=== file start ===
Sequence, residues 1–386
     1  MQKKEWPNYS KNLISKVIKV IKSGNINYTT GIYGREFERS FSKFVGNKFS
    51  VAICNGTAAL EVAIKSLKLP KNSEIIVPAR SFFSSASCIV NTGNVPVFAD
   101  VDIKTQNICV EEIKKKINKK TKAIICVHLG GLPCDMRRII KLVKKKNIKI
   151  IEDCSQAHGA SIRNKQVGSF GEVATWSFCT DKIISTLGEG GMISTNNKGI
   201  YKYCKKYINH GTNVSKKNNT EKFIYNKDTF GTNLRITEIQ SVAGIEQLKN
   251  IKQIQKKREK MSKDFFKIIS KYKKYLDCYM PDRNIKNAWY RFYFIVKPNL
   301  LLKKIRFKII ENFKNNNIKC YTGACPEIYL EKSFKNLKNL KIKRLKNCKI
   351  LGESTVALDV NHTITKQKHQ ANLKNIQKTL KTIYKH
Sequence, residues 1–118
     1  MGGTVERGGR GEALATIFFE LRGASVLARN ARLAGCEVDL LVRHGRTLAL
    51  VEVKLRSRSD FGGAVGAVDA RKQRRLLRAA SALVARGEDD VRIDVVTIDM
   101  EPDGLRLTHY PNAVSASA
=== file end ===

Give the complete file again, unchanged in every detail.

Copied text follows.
Sequence, residues 1–386
     1  MQKKEWPNYS KNLISKVIKV IKSGNINYTT GIYGREFERS FSKFVGNKFS
    51  VAICNGTAAL EVAIKSLKLP KNSEIIVPAR SFFSSASCIV NTGNVPVFAD
   101  VDIKTQNICV EEIKKKINKK TKAIICVHLG GLPCDMRRII KLVKKKNIKI
   151  IEDCSQAHGA SIRNKQVGSF GEVATWSFCT DKIISTLGEG GMISTNNKGI
   201  YKYCKKYINH GTNVSKKNNT EKFIYNKDTF GTNLRITEIQ SVAGIEQLKN
   251  IKQIQKKREK MSKDFFKIIS KYKKYLDCYM PDRNIKNAWY RFYFIVKPNL
   301  LLKKIRFKII ENFKNNNIKC YTGACPEIYL EKSFKNLKNL KIKRLKNCKI
   351  LGESTVALDV NHTITKQKHQ ANLKNIQKTL KTIYKH
Sequence, residues 1–118
     1  MGGTVERGGR GEALATIFFE LRGASVLARN ARLAGCEVDL LVRHGRTLAL
    51  VEVKLRSRSD FGGAVGAVDA RKQRRLLRAA SALVARGEDD VRIDVVTIDM
   101  EPDGLRLTHY PNAVSASA